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cortizone

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  1. I got an email today saying that my supplemental was received and that they will contact me if they need more information. Looks like they won't be sending interview invites until August according to last year's thread. Keeping five hundred fingers crossed.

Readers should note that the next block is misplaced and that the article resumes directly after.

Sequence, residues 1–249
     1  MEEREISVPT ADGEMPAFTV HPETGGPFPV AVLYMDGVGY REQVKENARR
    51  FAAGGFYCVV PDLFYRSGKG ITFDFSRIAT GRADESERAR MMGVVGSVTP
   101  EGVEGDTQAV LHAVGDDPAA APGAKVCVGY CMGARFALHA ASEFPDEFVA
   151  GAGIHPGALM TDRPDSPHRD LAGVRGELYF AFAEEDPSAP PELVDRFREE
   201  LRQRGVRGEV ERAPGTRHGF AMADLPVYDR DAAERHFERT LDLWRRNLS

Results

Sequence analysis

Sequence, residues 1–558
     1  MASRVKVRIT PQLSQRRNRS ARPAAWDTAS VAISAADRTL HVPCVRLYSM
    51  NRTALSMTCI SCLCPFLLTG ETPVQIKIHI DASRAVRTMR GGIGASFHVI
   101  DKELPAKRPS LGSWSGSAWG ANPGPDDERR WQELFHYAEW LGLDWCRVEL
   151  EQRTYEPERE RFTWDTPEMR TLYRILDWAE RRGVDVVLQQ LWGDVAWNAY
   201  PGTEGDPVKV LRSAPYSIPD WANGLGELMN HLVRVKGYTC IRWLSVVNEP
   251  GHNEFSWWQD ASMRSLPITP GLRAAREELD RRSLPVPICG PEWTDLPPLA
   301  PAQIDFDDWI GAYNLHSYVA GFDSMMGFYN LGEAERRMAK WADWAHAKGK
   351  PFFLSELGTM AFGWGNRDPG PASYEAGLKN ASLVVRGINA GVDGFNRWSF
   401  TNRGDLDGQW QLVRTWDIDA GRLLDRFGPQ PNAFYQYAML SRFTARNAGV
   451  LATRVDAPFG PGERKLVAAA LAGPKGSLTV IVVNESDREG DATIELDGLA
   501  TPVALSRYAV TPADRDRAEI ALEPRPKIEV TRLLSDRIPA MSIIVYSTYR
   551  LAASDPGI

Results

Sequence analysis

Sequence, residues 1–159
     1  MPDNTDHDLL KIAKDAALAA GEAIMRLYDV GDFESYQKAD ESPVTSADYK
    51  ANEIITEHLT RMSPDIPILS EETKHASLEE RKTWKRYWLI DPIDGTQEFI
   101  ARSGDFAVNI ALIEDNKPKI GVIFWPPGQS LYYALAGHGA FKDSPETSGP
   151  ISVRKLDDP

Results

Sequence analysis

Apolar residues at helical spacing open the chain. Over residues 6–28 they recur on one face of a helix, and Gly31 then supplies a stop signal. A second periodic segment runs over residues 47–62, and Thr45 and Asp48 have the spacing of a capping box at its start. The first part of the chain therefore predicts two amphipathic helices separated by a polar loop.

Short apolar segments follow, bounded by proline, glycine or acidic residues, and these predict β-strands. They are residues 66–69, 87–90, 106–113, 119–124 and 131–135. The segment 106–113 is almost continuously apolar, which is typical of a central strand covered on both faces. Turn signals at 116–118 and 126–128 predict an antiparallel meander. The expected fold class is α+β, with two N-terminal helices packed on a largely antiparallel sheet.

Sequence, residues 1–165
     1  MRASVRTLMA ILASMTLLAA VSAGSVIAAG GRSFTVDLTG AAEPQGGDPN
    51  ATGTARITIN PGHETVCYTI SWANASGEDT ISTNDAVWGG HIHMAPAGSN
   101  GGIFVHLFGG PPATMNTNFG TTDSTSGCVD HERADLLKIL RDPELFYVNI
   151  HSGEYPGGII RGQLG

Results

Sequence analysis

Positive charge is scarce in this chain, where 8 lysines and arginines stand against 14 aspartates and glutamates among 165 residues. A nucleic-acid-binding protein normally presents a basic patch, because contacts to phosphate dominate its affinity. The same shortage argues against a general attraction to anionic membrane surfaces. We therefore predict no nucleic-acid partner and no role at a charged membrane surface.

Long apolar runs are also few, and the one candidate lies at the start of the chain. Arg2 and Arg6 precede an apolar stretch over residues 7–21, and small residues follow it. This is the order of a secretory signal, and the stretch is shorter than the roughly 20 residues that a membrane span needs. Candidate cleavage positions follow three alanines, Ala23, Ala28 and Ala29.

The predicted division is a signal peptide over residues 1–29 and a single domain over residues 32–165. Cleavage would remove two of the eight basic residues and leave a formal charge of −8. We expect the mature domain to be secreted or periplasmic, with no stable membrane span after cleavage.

2. Thank you for the kind words, SCHW9076! I revised it several times since my first post, but have kept the same ideas. I thought the first draft did not address what I have done to improve my application as a reapplicant, and made the conclusion more about others instead of chasing my own dream. Hopefully I answered the prompt thoroughly! Any feedback/criticism would be greatly appreciated. -------- My mother shrieked in horror as she came home from work to find a shoebox full of sugar and an army of ants swarming around our tiny bedroom floor. My six-year-old self had excitedly laid out the shoebox after hearing over and over that ants love sugar. I wanted to leave the ants a gift, much to my mother’s dismay. It was, of course, a horrendous mistake, but it is also an early account of the sort of selfless acts I enjoy doing for others. From the beginning, my aspiration to be in healthcare evolves from this giving nature and the desire to serve others. I first heard about the physician assistant (PA) profession from my high school softball coach. Upon research, I found that PAs are able to carry out many of the same duties as doctors, and are trained in a generalist model in order to adjust to the needs of healthcare. This versatile nature of PAs is particularly appealing to me, and I hope to fill the need and offer care to those that have limited access. Having the autonomy to build trustful relationships with patients while having access to a supervising physician sounded like a dream come true. Unfortunately, I battled depression for most of my undergraduate career and could not focus in school, which is reflected on my poor transcript. After a summer abroad and some serious soul-searching, I came back my senior year completely transformed, finishing with university honors and a spot on the dean’s list. As a result of this experience, I learned the power of resilience and how to deal with and adapt to the constant changes in life. However, my academic record and lack of experience was evident and I was not accepted my first time applying to PA school. Instead of giving up, I am more motivated to demonstrate my ability to handle a rigorous science-intensive graduate program and ultimately be a caring PA. I have retaken prerequisites, registered for more courses in the fall, shadowed more PAs, and continued to both work and volunteer at St. David’s Medical Center. Working in the neurology unit full-time as a patient care technician (PCT) has given me invaluable healthcare experience, and I now understand why so many PA programs have it as a requirement after dealing with many demanding and stressful situations. For example, I had a patient who yelled obscenities at me from the moment I walked into his room to take vital signs. He had thrown a urinal from his bed and demanded I get him up to the bedside commode using racial slurs. I was upset and confused that this man whom I was supposed to take care of for the next twelve hours seemed to despise me for no reason. However, the more time and patience I showed him, the more he opened up to me and revealed his tragic past. I sympathized with him, and knew that every patient had a different story and background. He went from being my most difficult patient to being the most pleasant. As a PCT, I have learned to be humble and available as a valuable resource to anyone in need. Being in that position is a lot of responsibility and hard work, but I have definitely found a passion in healthcare because I love patient interaction and forming that sort of connection with people. Becoming a PA would only allow me to make a more meaningful impact on patients, one that goes beyond vital signs and bed baths. It would let me stimulate my mind, think critically, and solve problems to help improve someone’s quality of life in a far more lasting way. In shadowing several PAs, I have observed all of them exemplifying the values of quality healthcare that I hope to emulate: compassion, intelligence, dedication, and attentiveness. They truly listen to what the patients have to say and let them ask questions freely. The PAs also took the time to explain things clearly to patients and made sure they had a thorough comprehension of their health. They used simple terms that everyone could understand, and I could tell it did a lot to ease anxiety and fear. My own experience with teaching came after my supervisor asked me to be a preceptor for new PCTs. This involved explaining how to assist with daily activities of living, what neurological changes to look for in patients, and how to use the medical software, among other things. It was both refreshing and rewarding to see how quickly the new PCTs learned everything, and I knew that the opportunity for teaching is another reason I want to pursue this career. My experience as a preceptor has provided me with skills to be an effective communicator and educator - both roles of being an exceptional PA. Although I have had setbacks, they have only ignited my motivation for becoming a PA, where I can fulfill my desire and commitment to serving others in the dynamic and challenging field of medicine. I look forward to using the knowledge and skills learned from my work and life experiences to be a well-rounded PA who continues to learn from others, and to naturally, give back.